11. Jaclynne

    Jaclynne Well-Known Member Supporter

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    Countrygrrrl - You just described my ex husband. :haha:

    They're hounds! And the ones I've had have been wonderfully charming, hilarious, extremely intelligent, not at all lazy ... but entirely untrustworthy if they smell the slightest hint of anything carried by the breeze from some 20 miles away!


    CF - I've never had Irsh Wolfhounds but had a friend that did, and while that was a beautiful animal, it was lazy. We called it an island because he'd plot down in the middle of the kitchen floor and you'd have to go around him. He was older. They had sheep and chickens, but he wasn't much interested in them at that age.

    Life is good! :) :) :)
    Halo
     
  12. deb

    deb Well-Known Member

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    Irish Wolfhounds and Scottish Deerhounds were bred for chasing large prey. They can have bursts of speed over 30+ mph and can easily take a deer down. The rest of the time all they want to do relax around the home and hearth.

    I wouldn't discount their hunting instincts. I know someone who has both and they have taken down several deer these past few years.
    deb
     
  13. countrygrrrl

    countrygrrrl PITA

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    Deb (and CF), it's my philosophy and experience that it's never wise to discount the hunting instincts of the pups!

    My sister found a German Shorthair a year or so ago, and ended up adopting him as no one claimed him. He's just the cutest fellow imagineable --- looks exactly like Popeye, thanks to a REALLY bad underbite :haha: --- but she can hardly let him outside unsupervised because he will freaking climb trees to get at birds!

    Meanwhile, I have a labrador ridgeback mix who regularly retrieves me, if he thinks I'm out of place. :haha:

    Halo, it's my opinion that the hounds (esp. the scenthounds) are the -- er uh -- personification :D of the term *charming *b*astards!* :haha: hey're sooo entertaining and charming, but absolutely no good whatsoever! Unless you're looking for some rabbits! :haha:
     
  14. GeorgeK

    GeorgeK Well-Known Member

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    All the ones I've seen (ok 2) didn't seem to tolerate cold very well
     
  15. chickflick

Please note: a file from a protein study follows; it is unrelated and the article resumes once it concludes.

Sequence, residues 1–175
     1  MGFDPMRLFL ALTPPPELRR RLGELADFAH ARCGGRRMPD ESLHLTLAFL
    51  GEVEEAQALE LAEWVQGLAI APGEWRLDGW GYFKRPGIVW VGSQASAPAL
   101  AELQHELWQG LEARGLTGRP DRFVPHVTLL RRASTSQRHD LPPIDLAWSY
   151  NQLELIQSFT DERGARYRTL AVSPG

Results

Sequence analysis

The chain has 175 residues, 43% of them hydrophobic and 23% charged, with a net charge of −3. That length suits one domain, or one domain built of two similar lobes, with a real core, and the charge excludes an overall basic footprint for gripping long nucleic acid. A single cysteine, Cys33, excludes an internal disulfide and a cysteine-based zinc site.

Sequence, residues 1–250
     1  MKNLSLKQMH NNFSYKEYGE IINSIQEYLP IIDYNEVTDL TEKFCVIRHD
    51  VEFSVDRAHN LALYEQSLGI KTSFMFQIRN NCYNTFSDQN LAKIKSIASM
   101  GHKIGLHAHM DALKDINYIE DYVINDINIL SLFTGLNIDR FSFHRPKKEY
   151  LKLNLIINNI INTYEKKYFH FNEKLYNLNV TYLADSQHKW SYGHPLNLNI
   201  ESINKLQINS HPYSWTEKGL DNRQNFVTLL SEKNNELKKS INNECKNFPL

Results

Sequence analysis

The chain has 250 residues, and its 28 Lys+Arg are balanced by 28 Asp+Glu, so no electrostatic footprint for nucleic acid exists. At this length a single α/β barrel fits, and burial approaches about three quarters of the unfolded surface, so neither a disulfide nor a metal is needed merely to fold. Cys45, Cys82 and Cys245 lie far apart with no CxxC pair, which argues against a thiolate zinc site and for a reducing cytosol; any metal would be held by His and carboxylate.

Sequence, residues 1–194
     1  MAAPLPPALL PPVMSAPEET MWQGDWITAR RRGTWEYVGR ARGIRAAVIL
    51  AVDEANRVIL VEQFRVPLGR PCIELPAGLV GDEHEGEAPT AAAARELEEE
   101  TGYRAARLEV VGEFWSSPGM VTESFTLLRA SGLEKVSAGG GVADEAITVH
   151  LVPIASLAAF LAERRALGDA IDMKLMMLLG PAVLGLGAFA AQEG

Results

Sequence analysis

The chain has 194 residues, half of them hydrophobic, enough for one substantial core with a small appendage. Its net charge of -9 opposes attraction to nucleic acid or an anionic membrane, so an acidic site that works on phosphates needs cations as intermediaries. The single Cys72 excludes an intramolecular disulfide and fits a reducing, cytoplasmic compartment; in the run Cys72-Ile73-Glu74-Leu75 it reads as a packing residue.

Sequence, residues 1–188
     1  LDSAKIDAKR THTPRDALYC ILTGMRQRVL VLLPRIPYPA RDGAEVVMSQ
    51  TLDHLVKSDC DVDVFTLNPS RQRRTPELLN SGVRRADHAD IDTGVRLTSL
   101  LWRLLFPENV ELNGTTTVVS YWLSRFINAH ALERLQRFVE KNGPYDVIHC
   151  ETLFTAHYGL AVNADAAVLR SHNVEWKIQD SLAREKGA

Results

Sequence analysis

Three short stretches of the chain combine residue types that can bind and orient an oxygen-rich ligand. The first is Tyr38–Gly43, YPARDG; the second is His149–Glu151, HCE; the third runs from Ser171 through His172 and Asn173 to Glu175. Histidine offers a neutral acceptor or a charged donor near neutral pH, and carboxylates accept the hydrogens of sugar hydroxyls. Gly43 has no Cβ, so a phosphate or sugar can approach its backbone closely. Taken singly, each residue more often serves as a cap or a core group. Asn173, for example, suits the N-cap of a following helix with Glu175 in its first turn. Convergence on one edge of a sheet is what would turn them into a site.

chickflick Well-Known Member

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    Wow! Thanks for all the varied opinons. :):) It's given me something to think on. I DO own a retired Greyhound racer and think I get the "sight hound" mentality. He, too, is a 'rug' until he is let out.. then stand back brother!!! Runs laps around about 4 acres where my house is... Poor guy.. when he first came here we were all in the pasture and he was running with the horses.. but one of them changed direction a bit, bumped into him.. and he won't SET FOOT in that pasture to this day!! OR when I have the horse up here 'weed eating' for me!! I literally have to take him by the collar to make him go outside at those times. :no:
    HOWEVER.. he is the absolute BEST housedog EVER CREATED.

    I DO want a dog that'll take down a coyote if it's in MY area. (But not my goats, horses, or fowl.) My GP, I actually SAW with one once... he really didn't DO anything... no contact.. but barked and scared the (poor?) coyote so bad, he tucked tail... backed up to GP and when opportunity was afforded.. left rather quickly. BUT.. he's still there to return another day.. not good. I'd think of shooting them.. but... ?? he's just tryin' to eat too. (Maybe if TEOTWAWKI?? THEN I'll kill em.. but for now I still have grocery stores!) :eek:

    My alternate thoughts were considering breeding as well. It isn't everyone who has room or inclination to do so. I like the idea dual purposes.

    Anyway.. thanks again...
     
  16. GeorgeK

    GeorgeK Well-Known Member

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    Please define




     
  17. Corgitails

    Corgitails Well-Known Member

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    chickflick-

    They are EXPENSIVE to breed- LOTS of health issues. Hip dysplasia, eye issues, heart and thyroid issues- and those are the ones you can test for! Although they have big litters, they don't live long (8 is considered doing VERY well, and unfortunately 6 is about the average). Due to their size, it's hard to find really good homes for them, and a surprising number end up in rescue just due to how darn big they get. Although they're not terribly active, they are very large, very strong dogs- think tails as thick as a 10 year old kid's arm and at LEAST as strong. (I've seen an IW puppy knock a hole in sheetrock when he was a bit over enthusiastic in greeting someone in the entry of his owners house. She sighed and was like "that's the third time this week. Let me get out the patch kit.")